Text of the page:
Nonconvex optimization for image reconstruction

Start: 10/06/2010 - 4:15pm
End  : 10/06/2010 - 5:15pm


Rick Chartrand Los Alamos National Laboratory


In this talk we'll look at two areas where image reconstruction capabilities are dramatically improved by using nonconvex optimization.
The fi rst topic is a fairly new area of applied mathematics, one that includes many exciting results showing that most images and other signals can be reconstructed from many fewer data than previously thought possible, using simple, efficient algorithms. This new and popular fi eld is known as compressive sensing, because the results show that it is possible to directly measure a compressed version of a signal, without knowledge of the signal itself. The many potential applications include reducing exposure time in medical imaging, reducing the data storage/transmission/processing burden on deployed sensor systems, and national security applications.
We'll see how substituting a nonconvex objective function into the convex optimization problem typically used in this fi eld has the eff ect of reducing still further the number of measurements needed to reconstruct a signal. A very surprising result is that simple algorithms, designed only for finding one of the many local minima of the optimization problem, typically find the global minimum.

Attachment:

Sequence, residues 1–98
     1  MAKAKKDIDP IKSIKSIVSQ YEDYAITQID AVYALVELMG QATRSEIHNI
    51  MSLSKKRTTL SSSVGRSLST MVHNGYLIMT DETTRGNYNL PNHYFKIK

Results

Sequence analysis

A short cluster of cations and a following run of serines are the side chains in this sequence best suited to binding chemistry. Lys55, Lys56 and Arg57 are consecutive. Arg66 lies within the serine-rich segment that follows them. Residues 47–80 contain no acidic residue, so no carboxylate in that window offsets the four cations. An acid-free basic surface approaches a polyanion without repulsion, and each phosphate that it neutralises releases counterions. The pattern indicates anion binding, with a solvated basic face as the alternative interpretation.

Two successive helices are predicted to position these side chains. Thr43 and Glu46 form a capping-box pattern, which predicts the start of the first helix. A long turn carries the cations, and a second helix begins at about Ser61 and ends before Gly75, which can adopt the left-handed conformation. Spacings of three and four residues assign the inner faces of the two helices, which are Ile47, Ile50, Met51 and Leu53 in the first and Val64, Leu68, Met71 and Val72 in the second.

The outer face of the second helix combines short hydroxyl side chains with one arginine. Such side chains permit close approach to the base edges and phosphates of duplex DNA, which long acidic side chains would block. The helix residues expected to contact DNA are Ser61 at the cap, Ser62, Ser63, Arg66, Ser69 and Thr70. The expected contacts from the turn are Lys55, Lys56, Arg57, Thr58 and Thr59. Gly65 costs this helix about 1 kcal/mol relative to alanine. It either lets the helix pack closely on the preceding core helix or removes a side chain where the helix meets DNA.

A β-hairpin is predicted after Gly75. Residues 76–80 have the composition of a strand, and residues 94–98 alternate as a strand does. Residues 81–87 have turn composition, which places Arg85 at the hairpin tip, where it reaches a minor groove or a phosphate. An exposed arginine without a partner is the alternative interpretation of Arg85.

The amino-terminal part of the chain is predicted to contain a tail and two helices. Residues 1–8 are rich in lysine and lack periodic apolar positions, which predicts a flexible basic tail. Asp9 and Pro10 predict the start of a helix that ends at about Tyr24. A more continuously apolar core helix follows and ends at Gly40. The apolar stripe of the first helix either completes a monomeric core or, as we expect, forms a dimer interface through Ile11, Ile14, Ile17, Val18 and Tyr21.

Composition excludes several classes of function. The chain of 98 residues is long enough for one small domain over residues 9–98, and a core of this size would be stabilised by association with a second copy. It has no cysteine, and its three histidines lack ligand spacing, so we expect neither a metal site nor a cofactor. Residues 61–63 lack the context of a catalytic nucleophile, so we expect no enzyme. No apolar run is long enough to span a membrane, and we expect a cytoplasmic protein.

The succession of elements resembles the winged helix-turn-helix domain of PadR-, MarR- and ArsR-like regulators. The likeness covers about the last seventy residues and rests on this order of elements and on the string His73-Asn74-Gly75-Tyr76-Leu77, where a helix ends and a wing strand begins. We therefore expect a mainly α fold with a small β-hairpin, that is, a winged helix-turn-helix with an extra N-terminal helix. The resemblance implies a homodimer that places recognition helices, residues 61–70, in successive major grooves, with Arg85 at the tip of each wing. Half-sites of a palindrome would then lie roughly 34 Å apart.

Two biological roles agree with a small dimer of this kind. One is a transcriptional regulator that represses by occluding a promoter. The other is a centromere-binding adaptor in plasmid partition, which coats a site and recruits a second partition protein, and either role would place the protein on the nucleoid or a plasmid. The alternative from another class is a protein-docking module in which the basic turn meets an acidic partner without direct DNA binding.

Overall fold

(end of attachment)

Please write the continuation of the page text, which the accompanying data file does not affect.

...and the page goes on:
We'll also look at the topic of image denoising, as an example of a wider class of inverse problems where regularization is used to suppress noise. Using nonconvex regularization functionals lead to better preservation of shapes within images than typical image restoration algorithms.

Millikan 134, Pomona College

Misc. Information

Refreshments served at 3:45 p.m.
Harry Mullikin Room, Millikan 209
The dinner will be hosted by Prof. Stephan Garcia.
If interested in attending, email

Claremont Graduate University | Claremont McKenna | Harvey Mudd | Pitzer | Pomona | Scripps
Proudly Serving Math Community at the Claremont Colleges Since 2007
Copyright © 2018 Claremont Center for the Mathematical Sciences